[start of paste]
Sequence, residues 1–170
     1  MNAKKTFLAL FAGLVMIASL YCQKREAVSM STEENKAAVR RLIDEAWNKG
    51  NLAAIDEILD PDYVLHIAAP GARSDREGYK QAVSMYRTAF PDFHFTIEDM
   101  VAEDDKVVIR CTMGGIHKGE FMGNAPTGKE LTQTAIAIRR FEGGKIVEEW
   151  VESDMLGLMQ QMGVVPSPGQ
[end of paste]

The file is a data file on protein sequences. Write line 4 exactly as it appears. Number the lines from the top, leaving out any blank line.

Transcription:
   101  VAEDDKVVIR CTMGGIHKGE FMGNAPTGKE LTQTAIAIRR FEGGKIVEEW